Mexican woman: 2 kids with scandal-tainted priest
By E. EDUARDO CASTILLO (AP)
And on the NY Times World page.
MEXICO CITY — A Mexican woman charged Wednesday that the deceased, scandal-tainted founder of a conservative Roman Catholic religious order led a double life and fathered two children with her.
Blanca Lara Gutierrez said she met the Rev. Marcial Maciel in the border city of Tijuana in the 1970s, but didn't know he was a priest. She said he passed himself off as an employee of an international oil company, a private investigator and a CIA agent.
The Legionaries of Christ, the order founded by Maciel, acknowledged in February 2009 in connection with other cases that he had fathered a daughter and molested seminarians.
During a radio interview Wednesday, Lara Gutierrez charged that Maciel, who died in 2008 at age 87, sexually abused one of his two sons with her as well as a son she had from a previous relationship. The sons, now adults named Jose Raul and Omar, said the abuse went on for years.
The Vatican, which has been investigating the order over the earlier allegations against Maciel, did not have any immediate comment on what Lara Gutierrez and her sons told MVS radio Wednesday.
The order's Mexican headquarters did not answer its phone. Jim Fair, a U.S.-based spokesman for the Legionaries, said he didn't know anything more than what was broadcast in Mexico about the woman, her children and Maciel.
"I'm shocked and disappointed at what I've heard," Fair said in a telephone interview. "We want to act responsibly and get to the bottom of things and correct what needs to be corrected. We're going to be in the process of doing that."
The accusations could not be independently verified. A short official biography posted on the Legionaries' Mexico Web site did not say where Maciel might have been posted in the 1970s, but he apparently did move around a lot.
Jason Berry, author of the book "Vows of Silence," an investigation of the claims against Maciel, said that by 1976 Maciel traveled so much that he wasn't really based anywhere.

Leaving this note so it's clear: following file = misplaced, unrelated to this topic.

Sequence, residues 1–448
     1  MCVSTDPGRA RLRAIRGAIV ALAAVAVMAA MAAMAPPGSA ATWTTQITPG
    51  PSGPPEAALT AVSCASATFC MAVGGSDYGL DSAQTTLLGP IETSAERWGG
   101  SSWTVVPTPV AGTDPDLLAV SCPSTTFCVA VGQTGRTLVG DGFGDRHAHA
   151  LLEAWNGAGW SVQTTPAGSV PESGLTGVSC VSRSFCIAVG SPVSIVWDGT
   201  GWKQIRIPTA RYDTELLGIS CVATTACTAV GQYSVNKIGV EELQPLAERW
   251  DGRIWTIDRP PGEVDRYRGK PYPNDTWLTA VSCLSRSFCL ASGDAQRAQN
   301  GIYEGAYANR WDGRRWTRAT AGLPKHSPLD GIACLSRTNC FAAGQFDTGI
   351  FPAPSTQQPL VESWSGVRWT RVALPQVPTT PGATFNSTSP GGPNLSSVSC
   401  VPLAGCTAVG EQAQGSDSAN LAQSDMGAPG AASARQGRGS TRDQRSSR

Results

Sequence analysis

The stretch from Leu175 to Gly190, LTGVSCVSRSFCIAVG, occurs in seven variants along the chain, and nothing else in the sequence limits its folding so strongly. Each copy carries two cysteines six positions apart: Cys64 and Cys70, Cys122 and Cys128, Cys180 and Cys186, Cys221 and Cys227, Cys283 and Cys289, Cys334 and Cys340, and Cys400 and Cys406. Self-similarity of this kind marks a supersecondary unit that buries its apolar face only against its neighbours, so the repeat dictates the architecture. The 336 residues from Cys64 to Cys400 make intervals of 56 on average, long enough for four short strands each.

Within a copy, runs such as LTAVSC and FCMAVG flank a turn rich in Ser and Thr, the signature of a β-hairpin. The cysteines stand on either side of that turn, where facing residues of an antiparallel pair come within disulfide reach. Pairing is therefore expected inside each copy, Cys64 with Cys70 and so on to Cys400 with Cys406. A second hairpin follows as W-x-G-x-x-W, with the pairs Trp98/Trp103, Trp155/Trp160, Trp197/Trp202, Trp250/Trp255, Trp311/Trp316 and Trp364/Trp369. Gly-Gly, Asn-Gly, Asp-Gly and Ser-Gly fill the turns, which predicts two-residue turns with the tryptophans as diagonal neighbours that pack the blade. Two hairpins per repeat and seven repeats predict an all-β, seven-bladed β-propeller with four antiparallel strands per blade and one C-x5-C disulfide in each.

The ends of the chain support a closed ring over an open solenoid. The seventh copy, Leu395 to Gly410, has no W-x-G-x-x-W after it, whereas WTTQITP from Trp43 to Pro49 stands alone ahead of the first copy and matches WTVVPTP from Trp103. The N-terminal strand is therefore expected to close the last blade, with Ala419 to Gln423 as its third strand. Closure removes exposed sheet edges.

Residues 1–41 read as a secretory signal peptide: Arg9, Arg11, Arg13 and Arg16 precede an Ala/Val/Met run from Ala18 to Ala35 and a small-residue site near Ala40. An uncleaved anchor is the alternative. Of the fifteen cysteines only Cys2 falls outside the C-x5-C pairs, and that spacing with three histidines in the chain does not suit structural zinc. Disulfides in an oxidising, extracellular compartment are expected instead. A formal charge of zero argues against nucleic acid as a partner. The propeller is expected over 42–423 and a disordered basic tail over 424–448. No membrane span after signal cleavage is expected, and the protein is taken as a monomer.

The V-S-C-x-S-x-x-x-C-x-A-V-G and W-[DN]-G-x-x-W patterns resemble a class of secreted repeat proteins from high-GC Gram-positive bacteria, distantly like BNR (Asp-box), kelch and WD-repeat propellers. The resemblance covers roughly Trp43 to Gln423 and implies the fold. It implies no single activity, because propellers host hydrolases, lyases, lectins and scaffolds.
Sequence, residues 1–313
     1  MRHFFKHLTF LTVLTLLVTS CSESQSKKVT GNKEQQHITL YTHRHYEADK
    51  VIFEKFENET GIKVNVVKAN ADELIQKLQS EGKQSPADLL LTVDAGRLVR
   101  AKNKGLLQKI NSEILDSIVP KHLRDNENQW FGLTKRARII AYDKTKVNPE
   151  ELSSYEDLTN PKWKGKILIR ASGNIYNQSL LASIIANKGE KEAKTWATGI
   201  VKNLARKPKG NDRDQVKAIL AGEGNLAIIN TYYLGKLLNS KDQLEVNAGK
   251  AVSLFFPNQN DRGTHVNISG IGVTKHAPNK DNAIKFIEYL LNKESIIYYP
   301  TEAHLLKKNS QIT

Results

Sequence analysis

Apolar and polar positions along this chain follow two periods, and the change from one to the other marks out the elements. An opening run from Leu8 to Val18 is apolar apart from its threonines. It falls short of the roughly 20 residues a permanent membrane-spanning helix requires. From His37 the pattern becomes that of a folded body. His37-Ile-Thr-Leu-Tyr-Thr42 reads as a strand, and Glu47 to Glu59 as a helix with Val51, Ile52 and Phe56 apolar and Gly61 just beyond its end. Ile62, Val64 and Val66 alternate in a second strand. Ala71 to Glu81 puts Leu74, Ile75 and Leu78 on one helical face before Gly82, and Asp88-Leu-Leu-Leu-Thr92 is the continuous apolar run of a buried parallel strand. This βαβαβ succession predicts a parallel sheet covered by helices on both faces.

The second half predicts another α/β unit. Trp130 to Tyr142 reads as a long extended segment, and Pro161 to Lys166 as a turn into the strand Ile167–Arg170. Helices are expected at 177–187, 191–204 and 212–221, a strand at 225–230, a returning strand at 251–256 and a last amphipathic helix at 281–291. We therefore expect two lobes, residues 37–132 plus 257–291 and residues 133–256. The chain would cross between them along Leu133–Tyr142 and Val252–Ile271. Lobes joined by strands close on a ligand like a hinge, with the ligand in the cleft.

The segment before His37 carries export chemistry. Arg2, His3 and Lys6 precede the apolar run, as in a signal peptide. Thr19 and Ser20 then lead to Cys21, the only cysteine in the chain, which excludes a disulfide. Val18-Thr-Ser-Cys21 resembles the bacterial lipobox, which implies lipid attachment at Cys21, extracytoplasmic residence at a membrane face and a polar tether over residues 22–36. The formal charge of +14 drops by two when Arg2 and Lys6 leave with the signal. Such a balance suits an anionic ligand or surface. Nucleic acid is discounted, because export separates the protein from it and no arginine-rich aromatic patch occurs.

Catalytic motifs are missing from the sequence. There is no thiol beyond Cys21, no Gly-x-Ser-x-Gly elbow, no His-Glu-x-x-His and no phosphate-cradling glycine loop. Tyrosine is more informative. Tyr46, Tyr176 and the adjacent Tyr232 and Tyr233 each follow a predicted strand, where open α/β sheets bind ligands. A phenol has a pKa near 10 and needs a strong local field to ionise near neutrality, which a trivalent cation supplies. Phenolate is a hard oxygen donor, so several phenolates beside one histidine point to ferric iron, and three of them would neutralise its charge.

"He was building an international religious order and he flew often and spent periods of time in different countries. He moved most frequently between Mexico City, Madrid and Rome," Berry said. "He was always in Mexico for periods of time. He would come back for events. Mexico was his financial base."
The accusations that Maciel lived a hitherto unknown double life, in which the priest passed himself off as "Jose Rivas," a widower, follow a long series of allegations that he engaged in sexual misconduct in several cities.
Lara Gutierrez said she met Maciel when she was 19 and he was 56. She said she didn't find out his real identity until 1997, when she saw a magazine article about previous allegations made against him.
Asked how she was able to sustain a relationship with a man for around two decades without realizing who he really was, Lara Gutierrez suggested she was blinded by love.
"I never knew who I was living with, I never suspected." she said. "I loved him very much."
Pope Benedict XVI took the extraordinary step last March of ordering a Vatican investigation of the Legionaries of Christ. Church leaders are visiting and evaluating all seminaries, schools and other institutions run by the order around the world.
After its founding by Maciel in 1941, the Legionaries of Christ became one of the most influential and fastest-growing orders in the Roman Catholic Church.
Pope John Paul II championed the group, which became known for its orthodox theology, military-style discipline, fundraising prowess and success recruiting priests at a time when seminary enrollment was generally dismal.
The order says it has more than 800 priests and 2,500 seminarians worldwide, along with 50,000 members of the associated lay group Regnum Christi.
Associated Press Religion Writer Rachel Zoll in New York contributed to this report.